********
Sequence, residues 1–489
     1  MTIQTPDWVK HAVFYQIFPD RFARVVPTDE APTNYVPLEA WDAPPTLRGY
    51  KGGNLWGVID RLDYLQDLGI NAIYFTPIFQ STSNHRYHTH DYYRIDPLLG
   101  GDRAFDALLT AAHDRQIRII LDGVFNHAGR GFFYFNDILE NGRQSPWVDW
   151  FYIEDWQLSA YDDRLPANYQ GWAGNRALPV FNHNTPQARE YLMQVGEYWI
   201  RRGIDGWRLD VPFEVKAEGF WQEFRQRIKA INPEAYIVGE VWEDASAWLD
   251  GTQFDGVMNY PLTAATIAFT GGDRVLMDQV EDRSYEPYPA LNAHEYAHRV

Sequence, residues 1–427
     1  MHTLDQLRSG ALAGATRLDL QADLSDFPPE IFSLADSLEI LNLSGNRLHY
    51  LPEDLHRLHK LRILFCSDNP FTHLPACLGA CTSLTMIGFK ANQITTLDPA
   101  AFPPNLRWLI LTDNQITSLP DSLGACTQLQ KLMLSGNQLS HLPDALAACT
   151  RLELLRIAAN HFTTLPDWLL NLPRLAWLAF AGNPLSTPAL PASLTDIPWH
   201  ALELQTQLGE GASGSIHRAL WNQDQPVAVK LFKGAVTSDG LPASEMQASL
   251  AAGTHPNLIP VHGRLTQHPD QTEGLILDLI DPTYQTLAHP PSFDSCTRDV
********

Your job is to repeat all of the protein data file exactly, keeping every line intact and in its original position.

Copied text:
Sequence, residues 1–489
     1  MTIQTPDWVK HAVFYQIFPD RFARVVPTDE APTNYVPLEA WDAPPTLRGY
    51  KGGNLWGVID RLDYLQDLGI NAIYFTPIFQ STSNHRYHTH DYYRIDPLLG
   101  GDRAFDALLT AAHDRQIRII LDGVFNHAGR GFFYFNDILE NGRQSPWVDW
   151  FYIEDWQLSA YDDRLPANYQ GWAGNRALPV FNHNTPQARE YLMQVGEYWI
   201  RRGIDGWRLD VPFEVKAEGF WQEFRQRIKA INPEAYIVGE VWEDASAWLD
   251  GTQFDGVMNY PLTAATIAFT GGDRVLMDQV EDRSYEPYPA LNAHEYAHRV

Sequence, residues 1–427
     1  MHTLDQLRSG ALAGATRLDL QADLSDFPPE IFSLADSLEI LNLSGNRLHY
    51  LPEDLHRLHK LRILFCSDNP FTHLPACLGA CTSLTMIGFK ANQITTLDPA
   101  AFPPNLRWLI LTDNQITSLP DSLGACTQLQ KLMLSGNQLS HLPDALAACT
   151  RLELLRIAAN HFTTLPDWLL NLPRLAWLAF AGNPLSTPAL PASLTDIPWH
   201  ALELQTQLGE GASGSIHRAL WNQDQPVAVK LFKGAVTSDG LPASEMQASL
   251  AAGTHPNLIP VHGRLTQHPD QTEGLILDLI DPTYQTLAHP PSFDSCTRDV